By Jason Arline
Hip-Hop and Rap undoubtedly owes its roots to the streets of New York where all the kids that were too young to get into the discos would throw their own parties instead. Most of the people listening to rap were minorities at the time.
Without the acknowledgment of Rap by mainstream media it was allowed to be a transparent form of expression for the youth. The lyrics often reflected the need to party, freedom of expression and the pursuit of one’s dreams despite being from a low-income part of the U.S. population.
One of the dreams that are still reflected in our music today is to play basketball in the NBA.
Rappers love basketball; its rise in popularity over the years is almost parallel to that of Hip-Hop. Since 1984 with the release of Kurtis Blow’s iconic “Basketball”, rappers and professional basketball players have intertwined both their cultures together over and over again.
Ironically 1984 was also the same year Michael Jordan was drafted, marking the dawn of a new era for both the NBA and Music.
Fast Forward to 2005 when David Stern enacted a “Dress Code” for NBA players. The rule change was designed to prevent players like Allen Iverson and Carmelo Anthony from wearing baggy clothes on game days.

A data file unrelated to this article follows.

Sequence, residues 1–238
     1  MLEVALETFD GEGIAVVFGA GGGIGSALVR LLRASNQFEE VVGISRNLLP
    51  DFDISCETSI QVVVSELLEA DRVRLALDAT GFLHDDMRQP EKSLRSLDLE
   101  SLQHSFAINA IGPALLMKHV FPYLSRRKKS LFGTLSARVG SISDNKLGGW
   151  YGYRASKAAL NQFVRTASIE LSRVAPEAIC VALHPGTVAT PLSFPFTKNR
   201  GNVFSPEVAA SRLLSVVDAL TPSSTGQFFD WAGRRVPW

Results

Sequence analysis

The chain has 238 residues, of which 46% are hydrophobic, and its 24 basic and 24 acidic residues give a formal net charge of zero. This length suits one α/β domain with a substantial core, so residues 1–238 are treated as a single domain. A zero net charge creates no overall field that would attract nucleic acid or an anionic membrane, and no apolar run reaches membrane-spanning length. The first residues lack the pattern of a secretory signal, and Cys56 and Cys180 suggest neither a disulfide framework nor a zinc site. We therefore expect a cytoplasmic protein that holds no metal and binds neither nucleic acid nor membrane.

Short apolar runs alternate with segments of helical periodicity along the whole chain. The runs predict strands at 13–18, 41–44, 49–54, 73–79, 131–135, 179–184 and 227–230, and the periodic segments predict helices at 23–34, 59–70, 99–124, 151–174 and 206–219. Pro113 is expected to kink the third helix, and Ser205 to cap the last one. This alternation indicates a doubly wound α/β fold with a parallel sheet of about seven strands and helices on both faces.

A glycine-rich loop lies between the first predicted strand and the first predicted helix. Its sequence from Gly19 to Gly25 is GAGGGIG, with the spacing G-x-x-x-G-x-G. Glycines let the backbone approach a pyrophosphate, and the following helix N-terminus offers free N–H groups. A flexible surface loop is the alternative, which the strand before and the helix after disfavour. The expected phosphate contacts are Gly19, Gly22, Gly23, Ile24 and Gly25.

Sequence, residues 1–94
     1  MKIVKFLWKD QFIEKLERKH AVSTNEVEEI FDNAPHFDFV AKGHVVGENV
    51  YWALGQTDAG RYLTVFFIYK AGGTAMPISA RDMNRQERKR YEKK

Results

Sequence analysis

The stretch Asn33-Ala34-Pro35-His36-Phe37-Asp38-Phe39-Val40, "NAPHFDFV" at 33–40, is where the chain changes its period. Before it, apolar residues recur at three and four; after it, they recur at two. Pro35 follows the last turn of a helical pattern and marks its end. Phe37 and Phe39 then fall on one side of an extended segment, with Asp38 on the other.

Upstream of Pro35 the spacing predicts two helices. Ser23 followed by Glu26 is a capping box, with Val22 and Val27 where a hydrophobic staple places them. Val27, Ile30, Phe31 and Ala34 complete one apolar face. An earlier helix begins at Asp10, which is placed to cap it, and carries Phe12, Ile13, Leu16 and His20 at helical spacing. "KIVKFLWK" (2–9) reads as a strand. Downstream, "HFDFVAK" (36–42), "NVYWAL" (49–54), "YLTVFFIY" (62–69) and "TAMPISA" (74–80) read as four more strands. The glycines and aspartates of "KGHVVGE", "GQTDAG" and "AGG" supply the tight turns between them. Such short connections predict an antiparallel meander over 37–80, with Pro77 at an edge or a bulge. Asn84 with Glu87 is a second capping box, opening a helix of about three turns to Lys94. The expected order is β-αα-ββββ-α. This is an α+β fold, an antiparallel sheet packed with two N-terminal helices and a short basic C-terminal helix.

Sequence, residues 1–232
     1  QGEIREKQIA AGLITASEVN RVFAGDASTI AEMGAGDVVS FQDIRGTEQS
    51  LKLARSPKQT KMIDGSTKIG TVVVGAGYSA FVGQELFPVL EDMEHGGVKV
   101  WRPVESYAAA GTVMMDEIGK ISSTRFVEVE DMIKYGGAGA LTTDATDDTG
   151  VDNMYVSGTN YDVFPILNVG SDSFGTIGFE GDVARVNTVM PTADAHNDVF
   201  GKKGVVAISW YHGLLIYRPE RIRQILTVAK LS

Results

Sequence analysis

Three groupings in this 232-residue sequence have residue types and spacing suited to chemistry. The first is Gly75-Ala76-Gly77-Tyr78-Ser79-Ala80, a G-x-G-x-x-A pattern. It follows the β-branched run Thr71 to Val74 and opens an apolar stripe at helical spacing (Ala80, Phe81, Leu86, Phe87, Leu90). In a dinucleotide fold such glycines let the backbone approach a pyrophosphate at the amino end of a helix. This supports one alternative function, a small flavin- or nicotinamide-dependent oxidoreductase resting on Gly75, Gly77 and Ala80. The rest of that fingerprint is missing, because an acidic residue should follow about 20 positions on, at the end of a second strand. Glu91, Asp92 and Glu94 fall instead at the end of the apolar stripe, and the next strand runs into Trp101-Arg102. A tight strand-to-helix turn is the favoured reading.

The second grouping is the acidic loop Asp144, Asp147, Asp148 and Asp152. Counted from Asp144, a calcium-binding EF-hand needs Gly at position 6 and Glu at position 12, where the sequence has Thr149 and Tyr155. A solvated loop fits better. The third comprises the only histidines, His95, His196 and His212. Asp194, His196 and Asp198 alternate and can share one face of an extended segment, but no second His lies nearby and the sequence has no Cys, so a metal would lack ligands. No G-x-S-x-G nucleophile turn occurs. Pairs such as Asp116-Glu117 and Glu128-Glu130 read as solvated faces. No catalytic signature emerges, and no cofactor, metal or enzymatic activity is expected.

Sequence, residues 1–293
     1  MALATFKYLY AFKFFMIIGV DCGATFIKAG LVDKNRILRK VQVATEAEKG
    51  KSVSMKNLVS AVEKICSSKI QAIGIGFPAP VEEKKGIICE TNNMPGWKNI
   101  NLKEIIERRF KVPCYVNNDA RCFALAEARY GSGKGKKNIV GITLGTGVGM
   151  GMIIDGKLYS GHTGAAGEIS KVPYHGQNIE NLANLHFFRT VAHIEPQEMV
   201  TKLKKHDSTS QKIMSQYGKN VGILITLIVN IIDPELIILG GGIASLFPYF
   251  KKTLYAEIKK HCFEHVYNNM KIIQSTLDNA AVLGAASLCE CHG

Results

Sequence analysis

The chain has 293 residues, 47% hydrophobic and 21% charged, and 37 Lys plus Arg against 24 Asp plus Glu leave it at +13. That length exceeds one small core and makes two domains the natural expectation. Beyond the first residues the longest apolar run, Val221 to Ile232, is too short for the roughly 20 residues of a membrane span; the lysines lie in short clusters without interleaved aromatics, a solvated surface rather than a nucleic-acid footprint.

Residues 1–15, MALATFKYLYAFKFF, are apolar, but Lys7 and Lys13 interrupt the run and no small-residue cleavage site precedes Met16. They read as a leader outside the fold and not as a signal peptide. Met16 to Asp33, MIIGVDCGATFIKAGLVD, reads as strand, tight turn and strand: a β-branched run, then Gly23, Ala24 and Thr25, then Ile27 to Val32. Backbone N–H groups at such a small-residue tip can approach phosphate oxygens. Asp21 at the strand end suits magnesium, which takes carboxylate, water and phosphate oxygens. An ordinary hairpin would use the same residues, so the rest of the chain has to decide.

The players were expected to dress business casual when they arrived to the games. However many players objected to the rule changes, saying that the rules were “racist” and that the NBA was afraid of becoming “too Hip-Hop”.
Fortunately, this rule hasn’t been heavily enforced as of late, especially with players like Russell Westbrook who have an interesting fashion sense.
NBA players want to be rappers and rappers want to be NBA players. Both careers intertwine so much these days that some NBA players actually rap and some rappers can ball. In one of the most notable cases, Shaquille O’Neal released several albums in the ‘90s.
Two of which went certified Gold and Platinum. More recently we have players like Damian Lillard and Lonzo Ball who have been releasing music over the past few years as Dame Dolla and Zo.
On the other side of the entertainment industry, you have rappers like 2 Chainz who played for the NCAA in college but eventually went on to become a successful musician.
2 Chainz recently released the album “Rap or Go to the League” encapsulates a youth’s dreams of either becoming a famous performer or athlete perfectly and is full of basketball references just like many other Hip-Hop songs and albums before it.
In a recent interview with Sports Illustrated, Migos rapper Quavo pointed out the relationship saying “Basketball is hip-hop. Hip-hop is basketball.”
In the interview, he describes how Hip-Hop is basketballs culture and basketball is Hip-Hops inspiration. With songs like Jim Jones’ “Ballin” and Post Malone’s “White Iverson” the intermingling of rap and the NBA will continue for the foreseeable future and as they both dominate the world’s entertainment industry.
Featured image by Jason Arline.